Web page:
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From: Harsh Vardhan <>

Subject: Re: 24 COACH TRAINS.

Date: 09 May 1999 21:26:10 -0500


Now Joydeep, If it was really 23 coaches, it can't really be an ordinary
WAM4, at best a WAM4P or a WAM4R.

WAP 4Ps have been specially regeared for fast passenger trains and then
they
are as good as WAPs(1).

Harsh

-----Original Message-----
From: Joydeep Dutta <joydeepdutta@hotmail.email
To: hvc@vsnl.email <hvc@vsnl.email
Cc: irfca@cs.email <irfca@cs.email
Date: Sunday, May 09, 1999 3:25 AM
Subject: Re: 24 COACH TRAINS.


>I have travelled by Tamil nadu Express with 23 coaches in 1994 hauled
by a
>WAM4 and it hauled it without a whimper at a booked speed of 95km/h.
Arrival
>at NDLS was on time. Now the usual loco on TN Express is JHS WAP4.
>Joydeep
>
>>From: "Harsh Vardhan" <champa@del3.email
>>Reply-To: "Harsh Vardhan" <hvc@vsnl.email
>>To: "Apurva Bahadur" <iti@vsnl.email
>>CC: <irfca@cs.email
>>Subject: 24 COACH TRAINS.
>>Date: Fri, 7 May 1999 17:47:18 +0530
>>
>>
>>
>> >>
>> >> I felt that the twin WDM2 powered 24 coach Karnata Express also
made a
>> >> beautiful sight on a bend/over a bridge.
>>
>>
>> >Does that mean that the KK runs from NDLS to Manmad also on diesel
power
>>?
>>If
>> >can you guess where the twin Itarsi powers are attached to this
train
if
>>this
>> >train is electrically hauled from NDLS. .
>> >
>>
>>I have not travelled in this train personally for a long time but saw
it
>>from my Nizammudin-Goa Exp. when it was being hauled by the light blue
>>Guntakal locos. My train stopped at some station between
>>Belapur-Daund(possibly Rahuri) and I thought it would pass the
Karnataka
>>Exp. But the K Exp. also arrived and waited on the third line. For
some
>>unknown reason they had decided to hold two superfasts for letting the
>>nondescript Gyanganga Exp. go past us which was running many hours
late.
It
>>is almost certain that K Exp. changes powers at Itarsi (and not
Manmad)
>>where a 15 min stop has been provided.
>>
>>
>>Also can a single WAM 4 handle a 24
>> >coach load ? What is the weight of this rake - 24 coaches = 1200 T ?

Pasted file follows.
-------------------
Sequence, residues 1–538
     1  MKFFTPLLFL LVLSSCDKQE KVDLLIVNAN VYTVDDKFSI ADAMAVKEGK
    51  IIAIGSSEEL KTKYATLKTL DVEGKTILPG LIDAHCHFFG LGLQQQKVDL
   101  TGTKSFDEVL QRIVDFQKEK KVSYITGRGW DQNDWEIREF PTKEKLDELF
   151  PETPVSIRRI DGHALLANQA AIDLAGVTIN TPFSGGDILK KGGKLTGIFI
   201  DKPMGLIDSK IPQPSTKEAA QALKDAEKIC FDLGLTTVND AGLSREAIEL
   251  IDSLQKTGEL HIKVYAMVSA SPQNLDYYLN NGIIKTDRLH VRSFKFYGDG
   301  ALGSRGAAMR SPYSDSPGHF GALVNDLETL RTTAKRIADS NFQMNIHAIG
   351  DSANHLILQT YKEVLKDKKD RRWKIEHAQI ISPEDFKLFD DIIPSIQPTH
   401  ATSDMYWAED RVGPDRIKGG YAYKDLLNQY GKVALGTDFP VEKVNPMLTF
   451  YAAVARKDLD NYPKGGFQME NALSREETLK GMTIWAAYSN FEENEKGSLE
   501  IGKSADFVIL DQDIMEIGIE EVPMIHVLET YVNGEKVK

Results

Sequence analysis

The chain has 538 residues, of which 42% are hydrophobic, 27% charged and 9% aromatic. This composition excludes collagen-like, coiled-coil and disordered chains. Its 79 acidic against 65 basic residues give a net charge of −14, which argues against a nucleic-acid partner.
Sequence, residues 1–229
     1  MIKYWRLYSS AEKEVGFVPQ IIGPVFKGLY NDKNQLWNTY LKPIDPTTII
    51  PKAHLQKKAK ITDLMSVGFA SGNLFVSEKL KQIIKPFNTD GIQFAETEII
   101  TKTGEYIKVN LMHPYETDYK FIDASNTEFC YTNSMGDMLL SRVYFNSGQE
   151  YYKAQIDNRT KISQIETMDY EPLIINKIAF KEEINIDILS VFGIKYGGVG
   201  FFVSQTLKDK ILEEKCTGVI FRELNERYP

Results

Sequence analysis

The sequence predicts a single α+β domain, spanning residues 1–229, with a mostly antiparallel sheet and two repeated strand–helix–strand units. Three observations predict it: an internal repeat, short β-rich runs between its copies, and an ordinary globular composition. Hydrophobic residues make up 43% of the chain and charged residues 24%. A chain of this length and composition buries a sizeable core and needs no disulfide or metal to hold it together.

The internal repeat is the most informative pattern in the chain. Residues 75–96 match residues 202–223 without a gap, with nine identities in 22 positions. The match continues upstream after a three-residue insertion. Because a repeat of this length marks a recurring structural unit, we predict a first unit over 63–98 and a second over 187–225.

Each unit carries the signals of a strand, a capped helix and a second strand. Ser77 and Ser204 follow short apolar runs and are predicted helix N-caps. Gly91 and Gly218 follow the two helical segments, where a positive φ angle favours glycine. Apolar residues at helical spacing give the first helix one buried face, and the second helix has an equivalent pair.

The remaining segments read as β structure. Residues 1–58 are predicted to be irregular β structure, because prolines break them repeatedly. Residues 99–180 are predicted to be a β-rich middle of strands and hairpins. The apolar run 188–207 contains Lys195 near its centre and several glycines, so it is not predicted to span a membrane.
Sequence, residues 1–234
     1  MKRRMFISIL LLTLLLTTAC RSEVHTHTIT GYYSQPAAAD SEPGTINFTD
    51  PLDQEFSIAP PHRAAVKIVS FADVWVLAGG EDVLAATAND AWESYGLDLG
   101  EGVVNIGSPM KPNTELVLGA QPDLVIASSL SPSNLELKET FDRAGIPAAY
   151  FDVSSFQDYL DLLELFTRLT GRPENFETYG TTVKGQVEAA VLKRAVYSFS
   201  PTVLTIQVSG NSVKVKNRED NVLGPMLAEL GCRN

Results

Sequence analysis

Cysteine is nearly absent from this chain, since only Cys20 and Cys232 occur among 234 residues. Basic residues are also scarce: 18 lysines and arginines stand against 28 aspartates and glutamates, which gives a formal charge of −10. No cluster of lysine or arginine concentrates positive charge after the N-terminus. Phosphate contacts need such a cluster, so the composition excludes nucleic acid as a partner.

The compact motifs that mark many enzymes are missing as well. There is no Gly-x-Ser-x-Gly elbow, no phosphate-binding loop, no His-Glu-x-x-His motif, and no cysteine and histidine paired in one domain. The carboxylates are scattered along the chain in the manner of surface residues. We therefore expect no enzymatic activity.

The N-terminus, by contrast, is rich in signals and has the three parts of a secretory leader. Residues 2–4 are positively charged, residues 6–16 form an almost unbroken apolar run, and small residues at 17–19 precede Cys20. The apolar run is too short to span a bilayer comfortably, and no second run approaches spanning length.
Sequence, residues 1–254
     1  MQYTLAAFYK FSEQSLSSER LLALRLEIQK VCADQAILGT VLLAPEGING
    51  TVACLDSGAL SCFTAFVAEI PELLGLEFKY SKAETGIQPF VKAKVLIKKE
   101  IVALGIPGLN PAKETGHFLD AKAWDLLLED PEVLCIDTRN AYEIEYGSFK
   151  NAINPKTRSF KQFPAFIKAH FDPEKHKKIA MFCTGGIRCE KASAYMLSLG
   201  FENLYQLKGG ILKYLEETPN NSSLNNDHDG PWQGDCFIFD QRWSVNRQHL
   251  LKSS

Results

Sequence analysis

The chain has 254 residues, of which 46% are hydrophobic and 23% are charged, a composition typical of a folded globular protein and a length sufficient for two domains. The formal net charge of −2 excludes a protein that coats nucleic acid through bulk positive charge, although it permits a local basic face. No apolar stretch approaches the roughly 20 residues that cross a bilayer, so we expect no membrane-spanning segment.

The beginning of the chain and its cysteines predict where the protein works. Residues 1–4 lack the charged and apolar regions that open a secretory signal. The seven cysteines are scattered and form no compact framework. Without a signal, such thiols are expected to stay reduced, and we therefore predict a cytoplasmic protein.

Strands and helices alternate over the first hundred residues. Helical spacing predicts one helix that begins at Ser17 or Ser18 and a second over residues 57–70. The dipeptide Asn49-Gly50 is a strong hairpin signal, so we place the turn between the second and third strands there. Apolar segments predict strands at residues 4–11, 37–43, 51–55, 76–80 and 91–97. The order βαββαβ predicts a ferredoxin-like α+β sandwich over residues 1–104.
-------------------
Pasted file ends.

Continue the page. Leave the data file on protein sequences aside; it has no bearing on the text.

>> >Maybe Sridhar (who has travelled on this train from SBC to MMR) can
tell
>>us
>>with
>> >the WDM 2s were indeed changed at MMR
>>
>>I don't think WAM4 is that capable. It must be a Jhansi WAP3/4 between
>>Delhi-Itarsi. Will try to find out and let you know.
>>
>>Harsh
>>
>>
>
>
>______________________________________________________
>Get Your Private, Free Email at <A HREF="http://www.hotmail.com">http://www.hotmail.com</A>
>

From: Harsh Vardhan <>

Subject: Re: 24 COACH TRAINS.

Date: 09 May 1999 21:26:10 -0500


Now Joydeep, If it was really 23 coaches, it can't really be an ordinary
WAM4, at best a WAM4P or a WAM4R.

WAP 4Ps have been specially regeared for fast passenger trains and then
they
are as good as WAPs(1).

Harsh

-----Original Message-----
From: Joydeep Dutta <joydeepdutta@hotmail.email
To: hvc@vsnl.email <hvc@vsnl.email
Cc: irfca@cs.email <irfca@cs.email
Date: Sunday, May 09, 1999 3:25 AM
Subject: Re: 24 COACH TRAINS.


>I have travelled by Tamil nadu Express with 23 coaches in 1994 hauled
by a
>WAM4 and it hauled it without a whimper at a booked speed of 95km/h.
Arrival
>at NDLS was on time. Now the usual loco on TN Express is JHS WAP4.
>Joydeep
>
>>From: "Harsh Vardhan" <champa@del3.email
>>Reply-To: "Harsh Vardhan" <hvc@vsnl.email
>>To: "Apurva Bahadur" <iti@vsnl.email
>>CC: <irfca@cs.email
>>Subject: 24 COACH TRAINS.
>>Date: Fri, 7 May 1999 17:47:18 +0530
>>
>>
>>
>> >>
>> >> I felt that the twin WDM2 powered 24 coach Karnata Express also
made a
>> >> beautiful sight on a bend/over a bridge.
>>
>>
>> >Does that mean that the KK runs from NDLS to Manmad also on diesel
power
>>?
>>If
>> >can you guess where the twin Itarsi powers are attached to this
train
if
>>this
>> >train is electrically hauled from NDLS. .
>> >
>>
>>I have not travelled in this train personally for a long time but saw
it
>>from my Nizammudin-Goa Exp. when it was being hauled by the light blue
>>Guntakal locos. My train stopped at some station between
>>Belapur-Daund(possibly Rahuri) and I thought it would pass the
Karnataka
>>Exp. But the K Exp. also arrived and waited on the third line. For
some
>>unknown reason they had decided to hold two superfasts for letting the
>>nondescript Gyanganga Exp. go past us which was running many hours
late.
It
>>is almost certain that K Exp. changes powers at Itarsi (and not
Manmad)
>>where a 15 min stop has been provided.
>>
>>
>>Also can a single WAM 4 handle a 24
>> >coach load ? What is the weight of this rake - 24 coaches = 1200 T ?
>> >Maybe Sridhar (who has travelled on this train from SBC to MMR) can
tell
>>us
>>with
>> >the WDM 2s were indeed changed at MMR
>>
>>I don't think WAM4 is that capable. It must be a Jhansi WAP3/4 between
>>Delhi-Itarsi. Will try to find out and let you know.
>>
>>Harsh
>>
>>
>
>
>______________________________________________________
>Get Your Private, Free Email at <A HREF="http://www.hotmail.com">http://www.hotmail.com</A>
>

From: Jayant S <>

Subject: WDS Model ?

Date: 09 May 1999 22:28:56 -0500


<A HREF="http://www.link-web.de/maerklin.htm">http://www.link-web.de/maerklin.htm</A>

Would-be IR modelers out there: think
this one can be turned into a WDS2 model
with a few alterations ?

-Jayant S-

From: Harsh Vardhan <>

Subject: Re: travel writing

Date: 09 May 1999 23:04:30 -0500


Thanks John,
I read in some records dated '76 that diesels
were